Other risk factors include environmental air pollution, occupational exposures (coal and gold mining, cement and cotton industries, cadmium workers), genetics (e.g. alpha-1 antitrypsin deficiency), childhood respiratory illness (predisposes to chronic adult disease), recurrent bronchopulmonary infections, low socioeconomic status, poor diet and chronic asthma.

The burning of indoor biomass cooking fuels represents a significant risk factor in developing countries.

Section 2: Diagnosis
A combination of medical history, risk factor assessment, physical examination and confirmation of airflow obstruction on spirometry are required to make a diagnosis.

COPD should be considered in patients over the age of 35 years who have a risk factor (usually smoking) and who report progressive exertional dyspnoea, chronic cough, regular sputum production and/or wheeze.

It is important to enquire about weight loss and haemoptysis (underlying carcinoma), nocturnal wakening (sleep-related disorder) and ankle oedema or chest pain (concomitant cardiac pathology).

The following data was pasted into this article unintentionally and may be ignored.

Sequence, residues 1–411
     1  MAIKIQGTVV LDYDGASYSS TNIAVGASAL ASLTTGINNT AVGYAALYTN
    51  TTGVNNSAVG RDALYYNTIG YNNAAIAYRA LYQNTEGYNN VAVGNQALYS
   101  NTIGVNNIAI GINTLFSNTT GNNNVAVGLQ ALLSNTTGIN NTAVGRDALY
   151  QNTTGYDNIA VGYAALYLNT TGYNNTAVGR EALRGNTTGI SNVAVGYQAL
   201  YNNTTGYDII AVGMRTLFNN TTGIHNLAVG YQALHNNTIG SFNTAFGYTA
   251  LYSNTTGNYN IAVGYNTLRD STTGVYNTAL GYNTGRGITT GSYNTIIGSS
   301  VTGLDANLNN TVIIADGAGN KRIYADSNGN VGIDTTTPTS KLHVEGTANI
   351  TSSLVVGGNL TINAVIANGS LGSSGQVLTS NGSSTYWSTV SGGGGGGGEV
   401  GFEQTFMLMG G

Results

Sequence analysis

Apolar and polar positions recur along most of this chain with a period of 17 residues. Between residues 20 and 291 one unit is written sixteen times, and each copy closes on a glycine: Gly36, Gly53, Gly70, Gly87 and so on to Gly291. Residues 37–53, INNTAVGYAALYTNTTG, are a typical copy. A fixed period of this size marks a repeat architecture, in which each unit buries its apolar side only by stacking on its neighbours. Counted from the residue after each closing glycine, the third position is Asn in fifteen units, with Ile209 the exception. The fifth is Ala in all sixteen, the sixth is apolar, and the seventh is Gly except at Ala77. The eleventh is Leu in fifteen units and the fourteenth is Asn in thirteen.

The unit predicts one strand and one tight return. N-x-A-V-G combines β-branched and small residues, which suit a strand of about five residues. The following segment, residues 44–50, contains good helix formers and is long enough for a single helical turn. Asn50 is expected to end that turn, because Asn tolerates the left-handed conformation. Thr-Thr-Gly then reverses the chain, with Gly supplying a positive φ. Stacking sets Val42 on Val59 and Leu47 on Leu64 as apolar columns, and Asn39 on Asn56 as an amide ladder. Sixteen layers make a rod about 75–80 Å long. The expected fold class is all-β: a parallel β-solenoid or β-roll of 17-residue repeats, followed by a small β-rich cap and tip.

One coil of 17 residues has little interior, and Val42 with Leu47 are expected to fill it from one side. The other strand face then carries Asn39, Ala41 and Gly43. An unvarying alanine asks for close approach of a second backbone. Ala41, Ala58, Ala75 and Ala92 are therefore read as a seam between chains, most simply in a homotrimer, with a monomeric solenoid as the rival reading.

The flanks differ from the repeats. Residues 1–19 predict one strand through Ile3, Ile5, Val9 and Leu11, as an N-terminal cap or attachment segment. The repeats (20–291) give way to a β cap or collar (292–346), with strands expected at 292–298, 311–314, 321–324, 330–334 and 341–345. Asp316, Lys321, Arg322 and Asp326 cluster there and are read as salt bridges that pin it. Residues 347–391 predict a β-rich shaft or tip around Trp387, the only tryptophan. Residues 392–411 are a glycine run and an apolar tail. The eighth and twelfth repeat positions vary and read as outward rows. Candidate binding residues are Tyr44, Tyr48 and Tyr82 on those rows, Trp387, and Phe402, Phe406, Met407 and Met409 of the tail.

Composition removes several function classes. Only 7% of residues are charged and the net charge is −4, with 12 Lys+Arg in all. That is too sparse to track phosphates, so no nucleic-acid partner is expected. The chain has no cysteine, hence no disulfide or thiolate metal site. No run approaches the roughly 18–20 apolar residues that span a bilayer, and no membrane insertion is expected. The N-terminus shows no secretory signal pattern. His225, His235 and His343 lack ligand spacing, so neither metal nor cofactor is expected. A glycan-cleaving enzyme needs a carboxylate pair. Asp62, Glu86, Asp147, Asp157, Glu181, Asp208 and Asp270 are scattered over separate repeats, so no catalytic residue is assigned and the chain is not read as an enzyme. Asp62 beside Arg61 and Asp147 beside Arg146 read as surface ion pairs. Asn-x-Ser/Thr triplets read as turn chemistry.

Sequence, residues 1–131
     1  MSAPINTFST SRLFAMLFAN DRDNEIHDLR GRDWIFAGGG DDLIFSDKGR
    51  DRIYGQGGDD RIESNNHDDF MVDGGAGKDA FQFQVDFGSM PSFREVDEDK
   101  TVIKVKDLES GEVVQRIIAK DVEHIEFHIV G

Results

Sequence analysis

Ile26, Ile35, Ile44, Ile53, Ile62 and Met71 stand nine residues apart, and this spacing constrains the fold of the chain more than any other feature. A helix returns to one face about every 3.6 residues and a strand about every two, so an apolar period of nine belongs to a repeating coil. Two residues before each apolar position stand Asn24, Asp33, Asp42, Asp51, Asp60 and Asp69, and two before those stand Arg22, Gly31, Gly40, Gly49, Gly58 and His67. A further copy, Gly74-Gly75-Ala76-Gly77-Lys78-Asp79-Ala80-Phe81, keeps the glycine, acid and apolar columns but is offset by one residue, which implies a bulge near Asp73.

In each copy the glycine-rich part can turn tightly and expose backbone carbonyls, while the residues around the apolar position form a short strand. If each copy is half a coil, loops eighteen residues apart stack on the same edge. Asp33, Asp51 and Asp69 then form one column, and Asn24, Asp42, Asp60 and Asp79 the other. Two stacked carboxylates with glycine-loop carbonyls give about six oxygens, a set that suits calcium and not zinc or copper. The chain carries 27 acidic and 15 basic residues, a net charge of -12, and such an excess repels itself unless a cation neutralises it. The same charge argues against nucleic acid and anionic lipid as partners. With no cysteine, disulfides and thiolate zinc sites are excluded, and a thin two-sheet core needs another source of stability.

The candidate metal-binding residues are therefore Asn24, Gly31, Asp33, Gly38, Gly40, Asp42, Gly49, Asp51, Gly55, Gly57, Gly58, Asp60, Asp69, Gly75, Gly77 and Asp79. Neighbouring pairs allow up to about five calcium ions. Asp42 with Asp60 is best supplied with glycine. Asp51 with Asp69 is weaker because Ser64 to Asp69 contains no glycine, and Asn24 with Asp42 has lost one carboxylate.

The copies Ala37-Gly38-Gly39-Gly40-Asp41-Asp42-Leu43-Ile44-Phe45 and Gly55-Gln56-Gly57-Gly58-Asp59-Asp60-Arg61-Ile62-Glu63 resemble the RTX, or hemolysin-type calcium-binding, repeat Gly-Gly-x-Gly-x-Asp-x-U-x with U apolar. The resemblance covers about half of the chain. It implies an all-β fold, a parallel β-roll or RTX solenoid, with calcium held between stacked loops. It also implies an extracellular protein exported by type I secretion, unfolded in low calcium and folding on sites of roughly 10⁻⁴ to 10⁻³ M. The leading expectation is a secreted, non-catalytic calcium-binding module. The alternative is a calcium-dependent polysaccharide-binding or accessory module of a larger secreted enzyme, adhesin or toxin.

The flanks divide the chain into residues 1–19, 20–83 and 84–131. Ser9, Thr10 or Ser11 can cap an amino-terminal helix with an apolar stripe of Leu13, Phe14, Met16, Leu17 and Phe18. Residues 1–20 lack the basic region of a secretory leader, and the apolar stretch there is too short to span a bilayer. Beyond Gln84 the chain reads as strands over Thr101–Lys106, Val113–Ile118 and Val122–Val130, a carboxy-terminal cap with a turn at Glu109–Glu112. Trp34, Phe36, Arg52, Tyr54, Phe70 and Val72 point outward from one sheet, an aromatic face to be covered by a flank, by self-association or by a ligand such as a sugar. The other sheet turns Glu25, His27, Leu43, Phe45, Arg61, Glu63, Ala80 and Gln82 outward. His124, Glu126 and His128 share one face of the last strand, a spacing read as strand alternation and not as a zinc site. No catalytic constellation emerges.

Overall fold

Documentation of exercise tolerance using the MRC dyspnoea scale (see box below) with activities of daily living and quality of life should be recorded and how these have changed over the past months/years.

Medical Research Council (MRC) Dyspnoea Scale

Grade Degree of patient's breathlessness

1. Not troubled by breathlessness except on strenuous exercise.

2. Short of breath when hurrying or walking up a slight hill.

3. Walks slower than contemporaries on the level because of breathlessness, or has to stop for breath when walking at own pace.

4. Stops for breath after about 100m or after a few minutes on the level.

5. Too breathless to leave the house, or breathless when dressing or undressing.

Estimate smokers' 'pack-years' (one pack year = 20 cigarettes a day for one year).